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Style Other / Ref.12758

Guglielmo PUGI (1850 - 1915), White Carrara marble bust From the sculpture of Jean-Baptiste CARPEAUX « Dance », Circa 1900

Width: 17'' ⅜  44cm
Height: 26'' ¾  68cm
Depth: 8'' ⅝  22cm

19th century.

Our Carrara marble bust is signed by the Italian sculptor Guglielmo Pugi (1850 – 1915) who has made it around 1900. It uses the model of the sculpted group realized between 1863 and 1869 by the French sculptor Jean-Baptiste Carpeaux (1827 - 1875), untitled « Dance », for the opera Garnier in Paris.

The order of this group is due to Charles Garnier (1825 – 1898), architect of the opera in Paris that now bears his name. In 1863, he asks four artists who have won the Prix de Rome, to realize sculpted groups that will decorate the facade of the opera according to the following themes: Dance, Poetry, Music and Lyrical drama. Jean-Baptiste Carpeaux was in charge of creating the Dance one. At the end of three years during which he made draws and models to give the best move impression, Jean-Baptiste Carpeaux sculpted this group, the original one is kept in the Musée d'Orsay in Paris and a copy is now on the opera's facade. This farandole of naked women that surrounds the incarnation of the Dance's spirit shocked the public opinion. Indeed, they judge the group as improper because of the realism of the feminine nudes. It's only the war of 1870 and the death of the sculptor, five years after, that stops the polemic.

For the creation of our bust put on a Paonazzo marble pedestal, Guglielmo Pugi chose to be inspired by the face of the Dance's spirit that he reproduces in an identical way. Indeed, the smiling face is slightly bend toward the bottom, and the glance is turned to the left, the disheveled hair seem to be blown by the wind and the position of the shoulders indicates a move toward the sky. The only difference from the model of the French sculptor is that Pugi chose to dress the Dance's spirit with a fabric that covers his chest.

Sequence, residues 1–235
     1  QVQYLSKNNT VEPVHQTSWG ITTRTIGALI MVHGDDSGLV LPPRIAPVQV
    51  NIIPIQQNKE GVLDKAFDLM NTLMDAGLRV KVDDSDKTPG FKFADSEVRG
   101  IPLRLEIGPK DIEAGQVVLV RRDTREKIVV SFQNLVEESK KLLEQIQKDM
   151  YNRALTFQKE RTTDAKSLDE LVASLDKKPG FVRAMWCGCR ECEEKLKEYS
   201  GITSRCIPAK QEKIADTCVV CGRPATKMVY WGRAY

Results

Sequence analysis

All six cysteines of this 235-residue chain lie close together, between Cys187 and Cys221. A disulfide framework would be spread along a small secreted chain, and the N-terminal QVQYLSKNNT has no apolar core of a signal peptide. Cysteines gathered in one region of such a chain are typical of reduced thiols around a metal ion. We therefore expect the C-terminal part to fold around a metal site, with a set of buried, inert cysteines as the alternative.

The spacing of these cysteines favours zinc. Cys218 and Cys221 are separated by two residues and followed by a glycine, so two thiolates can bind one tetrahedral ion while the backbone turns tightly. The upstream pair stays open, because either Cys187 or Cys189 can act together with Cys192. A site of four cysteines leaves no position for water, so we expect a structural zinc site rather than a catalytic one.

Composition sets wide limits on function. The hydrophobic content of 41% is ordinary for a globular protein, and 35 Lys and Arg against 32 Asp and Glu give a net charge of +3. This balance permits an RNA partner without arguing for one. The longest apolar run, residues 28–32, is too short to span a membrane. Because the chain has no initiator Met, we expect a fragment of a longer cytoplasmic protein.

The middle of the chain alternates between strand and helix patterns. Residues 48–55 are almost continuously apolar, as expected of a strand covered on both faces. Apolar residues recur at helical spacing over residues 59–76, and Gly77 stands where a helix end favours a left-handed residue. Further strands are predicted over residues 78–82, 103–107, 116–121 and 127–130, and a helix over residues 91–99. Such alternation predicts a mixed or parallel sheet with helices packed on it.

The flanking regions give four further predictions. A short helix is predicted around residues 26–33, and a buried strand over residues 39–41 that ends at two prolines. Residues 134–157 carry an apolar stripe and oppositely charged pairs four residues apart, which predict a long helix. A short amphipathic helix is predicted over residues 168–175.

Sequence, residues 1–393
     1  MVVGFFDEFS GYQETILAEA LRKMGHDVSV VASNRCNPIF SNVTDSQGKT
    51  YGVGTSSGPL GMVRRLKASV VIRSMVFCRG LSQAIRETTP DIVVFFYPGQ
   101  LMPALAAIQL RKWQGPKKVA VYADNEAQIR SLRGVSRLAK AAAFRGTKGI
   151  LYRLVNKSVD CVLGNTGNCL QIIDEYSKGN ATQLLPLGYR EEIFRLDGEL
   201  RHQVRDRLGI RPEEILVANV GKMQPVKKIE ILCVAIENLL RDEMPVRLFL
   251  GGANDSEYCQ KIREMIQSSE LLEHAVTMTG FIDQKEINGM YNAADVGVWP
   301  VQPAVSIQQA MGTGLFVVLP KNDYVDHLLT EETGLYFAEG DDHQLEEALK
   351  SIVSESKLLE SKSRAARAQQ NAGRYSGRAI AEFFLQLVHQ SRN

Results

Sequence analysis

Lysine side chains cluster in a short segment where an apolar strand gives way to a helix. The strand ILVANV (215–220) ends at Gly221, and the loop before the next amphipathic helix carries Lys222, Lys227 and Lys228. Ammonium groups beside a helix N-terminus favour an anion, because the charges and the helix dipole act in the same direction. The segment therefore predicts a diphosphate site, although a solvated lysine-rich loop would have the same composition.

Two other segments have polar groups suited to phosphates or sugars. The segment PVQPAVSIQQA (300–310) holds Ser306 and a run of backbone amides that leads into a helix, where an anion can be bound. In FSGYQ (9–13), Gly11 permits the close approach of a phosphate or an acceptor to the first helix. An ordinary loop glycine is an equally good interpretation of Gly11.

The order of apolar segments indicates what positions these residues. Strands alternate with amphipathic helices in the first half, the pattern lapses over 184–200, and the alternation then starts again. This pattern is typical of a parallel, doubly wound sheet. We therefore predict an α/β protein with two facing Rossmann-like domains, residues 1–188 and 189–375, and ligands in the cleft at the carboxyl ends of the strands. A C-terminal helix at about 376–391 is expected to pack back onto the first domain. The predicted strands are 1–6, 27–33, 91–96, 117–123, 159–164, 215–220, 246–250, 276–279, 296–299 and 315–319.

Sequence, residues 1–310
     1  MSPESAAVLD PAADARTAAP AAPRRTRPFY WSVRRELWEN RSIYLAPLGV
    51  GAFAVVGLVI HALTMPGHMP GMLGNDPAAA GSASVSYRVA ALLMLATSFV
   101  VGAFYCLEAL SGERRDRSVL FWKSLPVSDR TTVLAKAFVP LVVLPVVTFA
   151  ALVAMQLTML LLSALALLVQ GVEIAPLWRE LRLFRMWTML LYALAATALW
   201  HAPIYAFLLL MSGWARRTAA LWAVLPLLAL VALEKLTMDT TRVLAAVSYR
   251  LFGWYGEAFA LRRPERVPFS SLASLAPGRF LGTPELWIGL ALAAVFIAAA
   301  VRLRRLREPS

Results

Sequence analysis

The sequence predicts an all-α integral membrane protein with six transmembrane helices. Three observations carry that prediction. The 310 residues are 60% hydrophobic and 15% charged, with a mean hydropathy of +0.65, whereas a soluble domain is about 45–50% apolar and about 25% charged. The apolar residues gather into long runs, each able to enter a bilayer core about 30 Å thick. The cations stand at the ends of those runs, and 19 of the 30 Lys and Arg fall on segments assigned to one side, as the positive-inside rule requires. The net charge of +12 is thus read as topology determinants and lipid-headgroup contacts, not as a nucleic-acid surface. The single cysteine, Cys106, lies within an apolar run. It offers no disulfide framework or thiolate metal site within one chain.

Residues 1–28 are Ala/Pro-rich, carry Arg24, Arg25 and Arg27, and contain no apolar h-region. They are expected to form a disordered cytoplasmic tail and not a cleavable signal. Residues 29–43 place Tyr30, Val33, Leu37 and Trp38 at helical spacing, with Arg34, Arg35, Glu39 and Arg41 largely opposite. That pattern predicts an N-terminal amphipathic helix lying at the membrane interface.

Guglielmo Pugi owned a workshop in Firenze where he sculpted with his two sons Gino and Fiorenzo. His sculptures, directly chiseled in the alabaster or the Carrara marble, were above all made for the United States. Many of them were presented during the American Exhibition of Buffalo in 1901 and the International Exhibition of Saint-Louis in 1904. We owe him many Art Nouveau sculptures but also portraits kept in the historical Museum of Alabaster in Volterra, Italy, or even the bust of the king Humbert Ist on the place in Fiesole. When he died, his two sons kept going the workshop by changing the name «Guglielmo i figli » (and sons) to « Fratelli G. e F. Pugi » (Brothers G. and F. Pugi) as the signature for « Flli Pugi ».

Price: on request

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